people.  They were cowards who couldn’t
win a head on fight with even the budding Iraqi Security Forces.  So instead, they played the asymmetric
warfare game:  ambush the vulnerable
convoy with IEDs,  harass the American
bases with Indirect Fire attacks, and  kill
the women and children of those who sought to make their country better.  It was all part of the desperate last stand
of a defeated group. 
      With his
sophisticated Embedded GPS/INS navigation system now directing him to the hot
zone, Spectre sped to the area at nearly 500 knots.  He knew in these situations time could mean
the difference between life and death for the guys on the ground.  They were the real reason things were going
so well in Iraq, and he wasn’t about to let the cowards they were facing get in
a sucker punch.
      He keyed
his auxiliary radio to contact his flight lead. 
Despite having flown most of the mission alone, he was still the
wingman, and his flight lead would be the ultimate decision maker.   He needed to get the information to his
flight lead as quickly as possible so their firepower would be available to the
convoy in trouble. 
41, 42 on Aux,” he said, indicating that he was calling his flight lead on
their secondary radio.
      “Go ahead
Spectre,” he replied.  Major Brett
“Pounder” Van Pelt was an experienced Instructor Pilot (IP) and flight
lead.  He had been to Iraq three times
prior.  He had seen the transition
firsthand from the “Wild West” to the restricted “look but don’t touch”
      “We’ve got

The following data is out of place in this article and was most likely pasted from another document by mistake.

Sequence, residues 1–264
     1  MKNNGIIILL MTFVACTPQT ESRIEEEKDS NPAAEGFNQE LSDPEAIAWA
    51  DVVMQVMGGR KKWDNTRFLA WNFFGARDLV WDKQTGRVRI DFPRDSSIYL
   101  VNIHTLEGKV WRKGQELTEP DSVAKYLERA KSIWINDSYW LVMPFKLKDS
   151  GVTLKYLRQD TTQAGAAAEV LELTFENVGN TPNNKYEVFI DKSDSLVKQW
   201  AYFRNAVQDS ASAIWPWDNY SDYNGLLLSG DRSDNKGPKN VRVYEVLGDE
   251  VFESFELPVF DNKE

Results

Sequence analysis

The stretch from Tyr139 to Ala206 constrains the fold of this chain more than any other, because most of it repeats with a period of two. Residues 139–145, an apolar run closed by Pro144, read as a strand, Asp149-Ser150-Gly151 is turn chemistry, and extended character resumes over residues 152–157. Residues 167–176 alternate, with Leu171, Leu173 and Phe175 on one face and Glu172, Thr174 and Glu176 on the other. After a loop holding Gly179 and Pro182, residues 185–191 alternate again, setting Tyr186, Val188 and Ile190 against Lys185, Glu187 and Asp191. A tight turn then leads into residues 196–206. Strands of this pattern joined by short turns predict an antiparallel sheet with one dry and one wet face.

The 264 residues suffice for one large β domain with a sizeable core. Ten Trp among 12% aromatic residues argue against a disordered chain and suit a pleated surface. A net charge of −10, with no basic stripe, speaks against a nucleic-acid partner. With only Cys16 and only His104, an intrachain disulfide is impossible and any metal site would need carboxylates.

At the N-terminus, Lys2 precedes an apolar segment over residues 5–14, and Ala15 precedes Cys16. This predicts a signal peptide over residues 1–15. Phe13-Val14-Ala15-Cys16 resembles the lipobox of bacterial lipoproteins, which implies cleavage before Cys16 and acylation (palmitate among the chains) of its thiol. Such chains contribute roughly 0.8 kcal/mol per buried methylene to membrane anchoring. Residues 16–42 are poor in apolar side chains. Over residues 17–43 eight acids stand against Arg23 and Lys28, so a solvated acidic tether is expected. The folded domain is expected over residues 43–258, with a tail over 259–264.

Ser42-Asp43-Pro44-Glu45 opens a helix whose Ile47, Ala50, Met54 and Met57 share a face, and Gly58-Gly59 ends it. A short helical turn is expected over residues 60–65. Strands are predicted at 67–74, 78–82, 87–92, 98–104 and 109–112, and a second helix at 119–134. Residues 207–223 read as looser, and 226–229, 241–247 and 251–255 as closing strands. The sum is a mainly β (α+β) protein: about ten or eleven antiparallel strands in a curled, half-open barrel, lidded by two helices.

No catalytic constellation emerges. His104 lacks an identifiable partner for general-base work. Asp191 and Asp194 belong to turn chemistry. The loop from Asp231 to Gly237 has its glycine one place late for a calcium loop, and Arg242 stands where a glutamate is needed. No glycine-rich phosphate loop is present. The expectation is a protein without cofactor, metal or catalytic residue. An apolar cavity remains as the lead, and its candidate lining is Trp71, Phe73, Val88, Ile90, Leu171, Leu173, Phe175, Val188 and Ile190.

a TIC at MSR NOLA, I’m inbound to contact Whiskey 80 on Green 10.”
      “Copy, go check
in with the JTAC, I’m on my way, don’t do anything without me,” Pounder replied
sternly.  He was a fast burner in the
F-16 community, having served as an operational test pilot testing the latest
and greatest weapons for the active duty before joining the reserves.  Just prior to the deployment he was even
selected as the alternate to go to the coveted Air Force Fighter Weapons School
by the Air Force Reserve Command.  Pounder
was going places.
      The convoy
was over 50 miles away, but Spectre arrived on scene in just over five
minutes.  He checked in with the JTAC,
callsign Whiskey 80, who gave him the on scene situation.  A small convoy had been moving food and
medical supplies along MSR NOLA from Basrah to a village near Zubayr when an
IED exploded, wounding two Iraqi soldiers and severely damaging one of their
armed overwatch while we move the wounded to the MRAP and repair the HUMVEE, go
with Fighter to FAC,” the excited voice said over the secure radio.  It was Whiskey 80, the American JTAC in the
convoy.  He sounded young – couldn’t be
older than 21, Spectre thought.  What a
shame, not even old enough to drink legally in America, but old enough to have
people try to blow him up.
we’ve got one F-16 with one on the way, each jet with two by GBU-12, two by
GBU-38, and five hundred-fifty rounds of 20 millimeter, thirty minutes of
playtime.   Understand armed overwatch,
confirm you’re strobing?” he asked, repeating the instructions and giving the
fighter to FAC brief, an abbreviated way for pilots to give Forward Air
Controllers on the ground their weapons loadout and time on station.  Tonight each jet was loaded out with two
500lb GBU-12 Laser Guided Bombs, two 500lb GBU-38 GPS guided bombs, and 550
rounds in the 20MM Vulcan cannon sitting over his left shoulder. 
      “We are
now,” Whiskey 80 replied, indicating that he had turned on his Infrared Strobe
to mark their position.
took his Night Vision Goggles out of their case and attached them to his
helmet.  He had been flying all night
with them off.  He hated them.  Unless there was some tactical importance to
wearing them, he avoided it at all costs – they just gave him a headache.  If there were ever a time of tactical
importance, it was now.  After a quick
scan, he quickly picked up the bright strobe flashing amongst the headlights on
the highway.  He picked out six vehicles,
and then slewed his Litening  II Advanced Targeting Pod to their position.
      Using the
Forward Looking Infrared mode of his targeting pod, he could easily make out
the vehicles.  The first two were